When we exited the station, we heard some ruckus yet it didn't stop us from moving forward. We were even more curious to see what was going on (common sense, out the window). Turns out, it was just anti-protester giving his piece of mind and a bunch of people swearing at him. It was all in cantonese. Despite it, the rest of the protest area was calm and quiet. It was a nice cool day in Hong Kong. It was actually cool the whole time we were there except on the last day contrary to the hot and humid weather we were expecting. Some people were napping, some were setting up their tents, a few were hanging out or reading and maybe studying (many of the protesters are students). There were electronic charging stations, first aid tents and a row of boxes full of donated supplies including food, water, blankets and some rubbish. What surprised me was the lack of authorities. We saw maybe a dozen policemen by the Government Complex but none inside the protest site. You know, to protect people in case shit goes down.

A woman was on a makeshift stage speaking about something which was broadcasted over loud speakers but we have no clue what she said. We applauded when everyone else did so we didn't look too out of place. Probably did not work since we were obviously tourists (My dad's big camera was a big clue.) There were many visitors on the site and signs saying "pictures are welcome but no faces to protect the students" were posted.

So here are some of the pictures we took in Central and Mong Kok (two out of six protest sites) on the same day. It was all very interesting to see. I didn't even check out Occupy Wall street in New York when it happened and here I was gallivanting Occupy Central while it's hot. That week, at night, there were some clashes with the police but we were far away and safe.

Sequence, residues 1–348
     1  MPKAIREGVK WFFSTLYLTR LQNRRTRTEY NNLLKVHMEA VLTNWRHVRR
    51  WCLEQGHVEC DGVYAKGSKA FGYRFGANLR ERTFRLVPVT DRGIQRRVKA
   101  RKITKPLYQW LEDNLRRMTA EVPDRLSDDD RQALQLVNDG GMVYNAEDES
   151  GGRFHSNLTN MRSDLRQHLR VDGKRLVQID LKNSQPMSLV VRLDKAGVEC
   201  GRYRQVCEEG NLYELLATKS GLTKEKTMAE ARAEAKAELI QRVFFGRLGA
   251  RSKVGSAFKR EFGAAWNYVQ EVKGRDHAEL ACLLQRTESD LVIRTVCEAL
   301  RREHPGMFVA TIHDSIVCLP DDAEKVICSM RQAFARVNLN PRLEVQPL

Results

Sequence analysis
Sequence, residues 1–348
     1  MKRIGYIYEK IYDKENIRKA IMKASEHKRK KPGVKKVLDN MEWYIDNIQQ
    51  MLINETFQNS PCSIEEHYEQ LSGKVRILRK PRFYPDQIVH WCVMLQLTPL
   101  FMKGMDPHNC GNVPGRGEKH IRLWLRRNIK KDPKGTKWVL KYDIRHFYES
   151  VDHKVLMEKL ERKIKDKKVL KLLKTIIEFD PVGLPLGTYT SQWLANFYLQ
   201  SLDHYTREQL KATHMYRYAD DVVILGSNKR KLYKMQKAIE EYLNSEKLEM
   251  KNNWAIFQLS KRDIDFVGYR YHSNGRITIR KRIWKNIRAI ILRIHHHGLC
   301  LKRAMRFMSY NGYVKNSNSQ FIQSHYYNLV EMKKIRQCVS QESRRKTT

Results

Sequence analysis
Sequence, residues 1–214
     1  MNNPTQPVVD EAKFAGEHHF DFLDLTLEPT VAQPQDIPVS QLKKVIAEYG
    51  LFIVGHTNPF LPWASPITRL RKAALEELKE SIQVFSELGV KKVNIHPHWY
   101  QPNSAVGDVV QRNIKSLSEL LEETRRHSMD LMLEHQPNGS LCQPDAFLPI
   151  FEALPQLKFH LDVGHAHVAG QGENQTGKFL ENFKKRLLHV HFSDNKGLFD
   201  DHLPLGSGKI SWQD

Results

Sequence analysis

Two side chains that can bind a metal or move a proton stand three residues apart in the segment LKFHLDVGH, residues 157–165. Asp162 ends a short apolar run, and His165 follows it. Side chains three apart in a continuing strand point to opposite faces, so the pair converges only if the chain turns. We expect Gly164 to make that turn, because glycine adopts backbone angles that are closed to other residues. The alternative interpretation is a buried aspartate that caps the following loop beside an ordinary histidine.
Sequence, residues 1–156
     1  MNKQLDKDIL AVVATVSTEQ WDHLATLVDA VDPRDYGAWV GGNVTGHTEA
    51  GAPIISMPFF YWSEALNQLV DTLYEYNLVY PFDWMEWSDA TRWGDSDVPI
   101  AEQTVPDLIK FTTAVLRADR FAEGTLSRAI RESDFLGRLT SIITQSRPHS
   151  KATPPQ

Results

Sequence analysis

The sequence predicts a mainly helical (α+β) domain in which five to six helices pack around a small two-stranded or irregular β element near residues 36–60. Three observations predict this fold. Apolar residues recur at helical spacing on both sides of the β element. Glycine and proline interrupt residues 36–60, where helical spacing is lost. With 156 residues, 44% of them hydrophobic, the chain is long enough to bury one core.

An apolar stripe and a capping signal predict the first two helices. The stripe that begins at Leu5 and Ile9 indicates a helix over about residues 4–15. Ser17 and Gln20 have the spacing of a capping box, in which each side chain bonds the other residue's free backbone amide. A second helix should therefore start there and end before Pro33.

More pictures after jump...

Saturday, October 25, 2014

nykeiko eats: Aziz Ansari told us to eat here...[Kam Wah Cafe, Hong Kong]

We watched Esquire Network's The Getaway which is about celebrities visiting one of their favorite cities in the world and talking about things they like to do, drink, eat, shop and more in that city. You should watch it, it's a pretty good show. It is produced by Anthony Bourdain and all. Anyway, I have never heard of this show until last month. As we were anticipating Aziz's show at Madison Square Garden (on Sept 9th), I started looking up Aziz's materials on the internet and stumbled upon his Getaway episode where he was visiting Hong Kong! What a coincidence because we were planning to go there as well!

In the show, Aziz was visiting Hong Kong for the first time so he needed some guidance from local know-it-alls but he saw plenty. I watched the show intently and took mental notes of things he ate and places he went. One of these places was Kam Wah Cafe for Buo Luo Buns (pineapple buns). Aziz and that Canadian blogger who joined him (from That Food Cray) didn't lead us astray. Those buns were so yummy as they were freshly made and served warm. Crunchy on top and fluffly on the inside, they are actually not made with pineapple, just the top looks like one. We had just eaten dinner and were pretty full so we only managed to stuff two buns down. There was also a one drink minimum per person so we all ordered a cup of milk tea (steep price at 16 hkd). The buns were only something like 6-7 hkd. Dave and I kind of still think about these buns and wish we had more. We tried buns from another cafe but it just wasn't the same.

Mmm...If we ever go back to Hong Kong, I'll make sure to stop by and maybe try it with butter!

Friday, October 24, 2014

Just me and dad...[Taiwan]

Cherishing every moment I get with my parents...even the painful ones like walking barefoot over some smooth but spiky rocks (and getting a wedgie from being too chubby to fit into my shorts).